The Family Focus Medical Clinic
    5991 Spring Garden Road (Halifax)
    3601 Joseph Howe Drive (Halifax)
    27 Peakview Way, suite 201 (Bedford)
    667 Sackville Drive, suite 207 (Sackville)
    240 Baker Drive, suite 201 (Dartmouth)
    4 Forest Hills Parkway (Dartmouth)
Phone: 902-420-6060

    121 Ilsley Avenue, Unit 5 (Dartmouth)
Phone: 902-468-2774 Extension 1

In times of emotional stress, people tend to minimize their own feelings out of self-protection, or out of consideration for the feelings of people they love. Although you may feel fine physically, your body may be numbed by a state of shock, so it's important to seek medical care as soon as possible.

If you choose to have evidence collected, the sooner this is done, the more reliable and potentially useful it will be if you decide that you want to contact the police, but you do not have to decide right away because the evidence can be collected and saved for the future. That said, you can choose not to have the evidence collected during medical treatment.1

If you have been sexually assaulted and wish to seek medical assistance, there are a few options available to you within the Halifax Regional Municipality:

  • Call 911 if you are in an emergency situation and would like medical care and/or police assistance. You also have the option to contact the police either immediately after the assault or later on.
  • Call the 24-hour, seven days a week, Avalon Sexual Assault Nurse Examiner (SANE) Response line (902-425-0122) to speak to a nurse examiner. You may also arrange for a medical examination and/or forensic evidence collection by a nurse examiner if the assault occurred within the past 120 hours (5 days).
  • Proceed to the emergency departments of the QEII Health Sciences Centre, Dartmouth General Hospital, IWK Health Centre or the Cobequid Community Health Centre. A nurse from the SANE program will respond seven days a week to male, female and trans-identified people who have experienced sexual assault/abuse in the past three days.2

1Adapted from the University of Connecticut http://sexualviolence.uconn.edu/sexual-assault/why-should-i-seekmedical%20care
2Taken from the Avalon Sexual Assault website http://www.avaloncentre.ca/  

Reporting a Sexual Assault for the Purpose of Investigation

Deciding whether or not to report a sexual assault is something that the survivor should decide for themselves and that decision should be respected by the people in the survivor's support system. If you are unsure of whether or not you should file a report, you may want to talk to someone who can help you decide such as a health care provider, a counsellor, someone from the Avalon Sexual Assault Centre, or someone from a crisis line.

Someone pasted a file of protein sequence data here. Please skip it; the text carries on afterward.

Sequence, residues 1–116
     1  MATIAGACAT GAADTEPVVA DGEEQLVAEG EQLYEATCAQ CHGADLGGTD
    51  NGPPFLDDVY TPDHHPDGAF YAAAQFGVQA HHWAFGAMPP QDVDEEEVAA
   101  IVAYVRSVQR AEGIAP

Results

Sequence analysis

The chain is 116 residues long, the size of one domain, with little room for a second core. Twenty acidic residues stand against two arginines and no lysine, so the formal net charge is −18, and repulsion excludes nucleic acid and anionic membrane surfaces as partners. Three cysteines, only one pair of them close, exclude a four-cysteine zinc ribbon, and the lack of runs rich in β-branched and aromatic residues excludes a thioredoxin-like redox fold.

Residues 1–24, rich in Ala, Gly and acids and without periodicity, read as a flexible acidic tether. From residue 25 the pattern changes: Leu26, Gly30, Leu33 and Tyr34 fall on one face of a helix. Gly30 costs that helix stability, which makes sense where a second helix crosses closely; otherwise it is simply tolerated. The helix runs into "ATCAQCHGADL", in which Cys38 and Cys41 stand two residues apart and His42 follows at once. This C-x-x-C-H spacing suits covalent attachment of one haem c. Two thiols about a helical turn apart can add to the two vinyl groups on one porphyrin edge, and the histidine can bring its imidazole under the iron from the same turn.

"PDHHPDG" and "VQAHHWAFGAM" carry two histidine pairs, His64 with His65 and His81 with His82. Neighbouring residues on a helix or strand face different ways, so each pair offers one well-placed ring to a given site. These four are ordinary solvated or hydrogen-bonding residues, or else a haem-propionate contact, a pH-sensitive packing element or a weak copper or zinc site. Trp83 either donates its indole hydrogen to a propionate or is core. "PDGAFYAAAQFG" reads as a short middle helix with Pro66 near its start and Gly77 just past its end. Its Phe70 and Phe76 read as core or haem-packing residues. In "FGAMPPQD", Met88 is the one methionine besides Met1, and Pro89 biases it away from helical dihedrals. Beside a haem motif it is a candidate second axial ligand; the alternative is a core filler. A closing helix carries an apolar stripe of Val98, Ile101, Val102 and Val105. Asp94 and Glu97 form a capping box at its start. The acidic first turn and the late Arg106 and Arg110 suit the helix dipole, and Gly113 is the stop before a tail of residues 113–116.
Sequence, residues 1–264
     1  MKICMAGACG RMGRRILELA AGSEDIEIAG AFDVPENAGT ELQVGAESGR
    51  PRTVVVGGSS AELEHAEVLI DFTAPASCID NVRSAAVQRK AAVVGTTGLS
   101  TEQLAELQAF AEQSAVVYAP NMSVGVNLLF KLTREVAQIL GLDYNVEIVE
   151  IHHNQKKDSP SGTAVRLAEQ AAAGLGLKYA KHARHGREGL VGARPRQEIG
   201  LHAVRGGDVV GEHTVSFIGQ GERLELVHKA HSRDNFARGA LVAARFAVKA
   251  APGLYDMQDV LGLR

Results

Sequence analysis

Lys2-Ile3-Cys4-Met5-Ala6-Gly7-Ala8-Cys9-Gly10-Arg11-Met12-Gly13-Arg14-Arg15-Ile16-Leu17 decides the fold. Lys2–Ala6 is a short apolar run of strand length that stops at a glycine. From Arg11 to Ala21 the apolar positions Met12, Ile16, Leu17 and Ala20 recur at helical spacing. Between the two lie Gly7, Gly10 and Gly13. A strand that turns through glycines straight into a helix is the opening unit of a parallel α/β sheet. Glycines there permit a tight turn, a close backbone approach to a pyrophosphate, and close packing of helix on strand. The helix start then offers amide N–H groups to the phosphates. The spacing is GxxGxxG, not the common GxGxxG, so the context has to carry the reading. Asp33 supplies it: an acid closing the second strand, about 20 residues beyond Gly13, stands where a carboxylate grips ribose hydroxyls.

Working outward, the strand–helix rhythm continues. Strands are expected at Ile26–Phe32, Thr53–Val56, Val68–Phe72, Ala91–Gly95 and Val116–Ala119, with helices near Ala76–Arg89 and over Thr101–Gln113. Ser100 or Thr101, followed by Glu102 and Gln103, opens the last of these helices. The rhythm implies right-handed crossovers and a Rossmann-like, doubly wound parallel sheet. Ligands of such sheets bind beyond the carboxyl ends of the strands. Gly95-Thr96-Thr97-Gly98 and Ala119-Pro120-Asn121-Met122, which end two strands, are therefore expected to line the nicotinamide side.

Mount Saint Vincent University Reporting Options

There are two reporting options at the Mount. One option is under the Mount's Policy. The other option is to the police. A survivor may choose one or both options. It is important to note there is a difference between disclosing and reporting. Disclosing refers to sharing information about an assault with staff, faculty or a peer. Reporting an assault means there will be an investigation. It is possible to disclose information about an assault without reporting it for the purpose of an investigation.


Things to be Aware of if you are Thinking about Reporting the Assault to the Police

It is better to call soon after the assault: medical evidence must be collected within 120 hours (5 days) after the assault occurs. If you are unsure of involving the police, the Sexual Assault Centre can store evidence for a period of time. The time frame to conduct drug testing, in cases of suspected drug-facilitated sexual assault, is quite short. If you suspect you have been drugged, collect your urine first and/or try to get to a Sexual Assault Centre or an emergency department within 12 hours. If you are thinking of contacting the police, preserve any evidence you can. Don't wash, bathe, douche, change or destroy your clothes, and don't alter the area where the assault occurred. The police will ask that you undergo a medical examination by a specially trained medical team and have injury photos taken. You will give a detailed statement about the assault to the police, and later need to be available for other aspects of the police investigation. When charges are laid by the police, you may be required to testify in court.1